Those who want to pare back the "over the top" genre-breaking spells from the spell list might have a chance to see why the evolution of GURPS MAGIC does matter.
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Old 05-11-2021, 08:50 AM   #53
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Default Re: Discussing Yrth History & Evolution of GURPS MAGIC

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D&D settings are an example of irrational high fantasy with common magic which would change the world if they were rational settings. The Magic Goes Away is a famous example of rational fantasy where the magic affects societies.
THE MAGIC GOES AWAY is one of my favorite books actually. And yes, the difference between an irrational High Fantasy vs a Rational one is largely why I enjoyed looking at the GURPS MAGIC spells the way I did back when all we had was GURPSNET.

I would LOVE to see a product line much like Dungeon Fantasy, but instead, goes for a Low Fantasy tone with guidelines for how to build such a society for campaign use.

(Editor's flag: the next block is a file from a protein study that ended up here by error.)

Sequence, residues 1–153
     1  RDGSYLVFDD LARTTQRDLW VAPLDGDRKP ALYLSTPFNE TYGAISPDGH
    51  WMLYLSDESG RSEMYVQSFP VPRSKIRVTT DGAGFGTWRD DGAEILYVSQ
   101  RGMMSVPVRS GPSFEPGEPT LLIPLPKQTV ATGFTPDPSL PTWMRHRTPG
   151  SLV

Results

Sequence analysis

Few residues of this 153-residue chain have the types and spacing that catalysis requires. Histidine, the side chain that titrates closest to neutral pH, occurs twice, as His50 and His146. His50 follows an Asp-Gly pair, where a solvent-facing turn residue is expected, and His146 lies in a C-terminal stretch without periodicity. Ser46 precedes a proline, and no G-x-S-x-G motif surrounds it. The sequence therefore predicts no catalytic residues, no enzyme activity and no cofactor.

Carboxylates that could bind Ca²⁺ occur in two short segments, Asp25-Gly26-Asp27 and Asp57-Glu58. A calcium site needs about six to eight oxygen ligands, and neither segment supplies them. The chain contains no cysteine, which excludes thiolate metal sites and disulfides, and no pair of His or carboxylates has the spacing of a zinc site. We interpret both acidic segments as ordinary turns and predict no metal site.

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Old 05-11-2021, 09:16 AM   #54
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Default Re: Discussing Yrth History & Evolution of GURPS MAGIC

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Originally Posted by David Johnston2 View Post
It describes Magery as "usually hereditary" with magic capable parents more likely to pass on their ability than non-mages. It specifically says nobody born without "some kind of potential" can become a mage. It says magery is probably genetic but not in a simple way. If all your parents and grandparents were mages, you are very likely to be one as weell.

Additionally it describes people who are non-mages as such but are born with other supernatural gifts such as Medium and Oracle. There is some indication that these things can also be mastered with great dedication by the mystically inclined.
Nice Catch.